Sometimes eating outside of my house makes me feel so uneasy and I’ve been a Celiac for over 10 years now. If you’re new to this gluten-free world of eating and preparing your meals you may dread the contamination issue. Explaining to others why you can’t eat at a restaurant with them, or why you can’t eat food they prepared in their “gluten kitchen”, can be really frustrating to say the least. Maybe you do give in and decide to try a restaurant that claims to have gluten-free items, but suddenly after your dining experience you scream in pain as you yell “help, I’ve been contaminated with gluten, again!”
If you are Celiac or involved with someone who is, you may know this all too well. The dreaded after-eating waiting game where you both sit and wonder if the other will get sick from what they’ve just eaten. It can make going out to eat less than exciting and more work than fun. It takes only 20-30 minutes for the gluten to begin to cause its problems, and even less time if you are “allergic” to wheat. The symptoms may begin with a little stomach pain and increase over the next few hours and could last for up to 10 hours as the gluten works its way through your body. To some people it may be a little cramping they can put up with and maybe you even risk being contaminated just to have a good time with your friends. DO NOT DO THIS! I used to go out and eat places and just explain to the server that I had a gluten intolerance and thought that would be enough. It was usually never enough and I would end up paying a hefty price in the end. There are many places now claiming to have gluten-free menu items or items they bake in their bakery, but they are NOT certified gluten-free and the people handling your food are likely not educated on the proper procedures needed to make sure you don’t get contaminated.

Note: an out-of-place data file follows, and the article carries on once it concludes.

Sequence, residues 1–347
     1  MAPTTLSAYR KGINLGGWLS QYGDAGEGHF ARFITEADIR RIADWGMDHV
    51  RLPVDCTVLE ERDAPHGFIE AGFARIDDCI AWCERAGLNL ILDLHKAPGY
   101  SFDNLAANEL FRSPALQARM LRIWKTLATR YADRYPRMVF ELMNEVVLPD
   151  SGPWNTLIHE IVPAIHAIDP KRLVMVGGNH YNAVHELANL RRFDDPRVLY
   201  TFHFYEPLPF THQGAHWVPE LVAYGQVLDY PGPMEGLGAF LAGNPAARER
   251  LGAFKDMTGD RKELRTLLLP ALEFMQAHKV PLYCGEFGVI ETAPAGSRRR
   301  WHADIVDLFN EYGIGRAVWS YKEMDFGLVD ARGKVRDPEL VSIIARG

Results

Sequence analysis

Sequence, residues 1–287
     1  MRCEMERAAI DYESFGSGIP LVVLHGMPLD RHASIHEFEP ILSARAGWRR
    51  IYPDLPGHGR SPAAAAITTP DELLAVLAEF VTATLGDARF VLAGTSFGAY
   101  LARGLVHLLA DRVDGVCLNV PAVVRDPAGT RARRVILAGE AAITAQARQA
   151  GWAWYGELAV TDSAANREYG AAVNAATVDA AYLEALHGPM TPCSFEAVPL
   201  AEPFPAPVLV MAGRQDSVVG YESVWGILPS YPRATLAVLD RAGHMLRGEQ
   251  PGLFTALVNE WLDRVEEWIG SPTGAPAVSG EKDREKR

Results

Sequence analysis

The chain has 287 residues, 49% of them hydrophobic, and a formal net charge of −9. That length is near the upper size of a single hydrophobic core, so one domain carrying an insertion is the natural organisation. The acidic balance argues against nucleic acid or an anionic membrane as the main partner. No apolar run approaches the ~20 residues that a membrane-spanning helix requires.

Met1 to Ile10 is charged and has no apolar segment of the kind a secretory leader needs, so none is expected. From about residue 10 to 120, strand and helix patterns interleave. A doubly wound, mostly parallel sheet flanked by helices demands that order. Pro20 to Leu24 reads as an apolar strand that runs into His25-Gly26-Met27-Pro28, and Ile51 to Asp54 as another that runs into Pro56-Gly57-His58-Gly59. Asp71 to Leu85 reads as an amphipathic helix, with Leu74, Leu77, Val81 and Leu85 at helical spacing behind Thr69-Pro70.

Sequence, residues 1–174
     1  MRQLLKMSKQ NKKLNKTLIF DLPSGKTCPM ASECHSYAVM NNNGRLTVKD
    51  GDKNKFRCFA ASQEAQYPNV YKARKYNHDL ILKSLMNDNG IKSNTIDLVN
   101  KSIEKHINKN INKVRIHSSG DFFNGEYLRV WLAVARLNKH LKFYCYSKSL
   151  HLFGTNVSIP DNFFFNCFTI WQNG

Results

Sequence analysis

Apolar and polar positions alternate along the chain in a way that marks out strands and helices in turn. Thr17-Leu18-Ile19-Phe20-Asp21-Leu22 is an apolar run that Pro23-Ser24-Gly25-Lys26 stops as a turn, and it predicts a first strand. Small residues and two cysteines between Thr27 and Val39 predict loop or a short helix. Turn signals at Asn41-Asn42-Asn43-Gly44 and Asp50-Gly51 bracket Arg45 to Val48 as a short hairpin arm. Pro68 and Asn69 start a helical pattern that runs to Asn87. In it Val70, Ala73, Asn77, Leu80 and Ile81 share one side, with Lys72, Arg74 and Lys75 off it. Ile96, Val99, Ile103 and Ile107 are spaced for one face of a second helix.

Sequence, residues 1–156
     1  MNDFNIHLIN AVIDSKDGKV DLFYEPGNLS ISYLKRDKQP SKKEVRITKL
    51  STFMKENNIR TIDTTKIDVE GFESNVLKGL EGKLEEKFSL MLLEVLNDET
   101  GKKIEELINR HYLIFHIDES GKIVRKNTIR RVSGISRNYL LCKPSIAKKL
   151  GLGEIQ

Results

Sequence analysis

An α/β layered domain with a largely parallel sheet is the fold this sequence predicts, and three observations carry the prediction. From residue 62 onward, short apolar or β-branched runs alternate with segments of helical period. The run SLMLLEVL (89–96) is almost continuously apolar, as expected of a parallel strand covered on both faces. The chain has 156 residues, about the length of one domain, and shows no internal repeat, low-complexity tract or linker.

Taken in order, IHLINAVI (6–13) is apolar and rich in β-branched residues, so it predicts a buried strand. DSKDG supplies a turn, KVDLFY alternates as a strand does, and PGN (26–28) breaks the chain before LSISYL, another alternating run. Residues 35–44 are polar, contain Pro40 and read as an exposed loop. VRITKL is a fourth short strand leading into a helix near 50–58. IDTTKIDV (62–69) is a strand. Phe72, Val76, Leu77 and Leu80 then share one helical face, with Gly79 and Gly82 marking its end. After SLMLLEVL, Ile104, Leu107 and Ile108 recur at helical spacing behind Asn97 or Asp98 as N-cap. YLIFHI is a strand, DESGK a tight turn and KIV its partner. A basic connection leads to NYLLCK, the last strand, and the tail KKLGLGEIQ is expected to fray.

When I worked in restaurants from the age of 16 to 27 I made sure I told everyone about my disease and I made sure I knew how to make a fellow celiac comfortable when they came in to eat where I worked. But if I decided to go out, I was rarely greeted with the same comfort. When I worked at Jack Astor’s a long time ago, I remember implementing a system for the kitchen there, where the cook would wash his hands, put clean gloves on and get a clean working space just to make a Celiac a wonderful salad, all because I made it known that it was important to take precautions. It worked well while I was there and now I notice Jack Astor’s has an awareness of gluten-free menu items, but I can’t help but wonder if the procedures are as careful as they need to be? As a Celiac we need to be on the lookout for ourselves because no one else is going to take your disease as serious as you will.
Here are my tips for successful eating out:
- Choose a restaurant with an “awareness” of gluten and celiac disease, not just a place with a few gluten-free item changes.
- Call ahead. Speak to a manager or chef and explain the severity of your condition and that you would like to dine there but need reassurance you won’t be “contaminated” with gluten.
- When you arrive make sure they know you are the one who called to say you were coming to eat there and you need to be completely gluten-free. Give them a card explaining your intolerance, order one from here.
- Make sure you have a server who knows what he/she is talking about. I have been places where they say they have “gluten-free spelt” which cannot exist because spelt is a gluten-grain! Just because the chef may know what gluten is doens’t mean the server does. So remind them.
- Ask to sit close to the kitchen so you can hear and see what is happening and if you feel uncomfortable with the possibility of contamination then LEAVE! It’s your right.
- Lastly, try to go out and enjoy having a meal made for you once in a while. Until I open my true gluten-free restaurant where every Celiac will be welcomed and treated right, good luck to you all!
Please refer to my Restaurants section of this blog for info on where to eat in Toronto.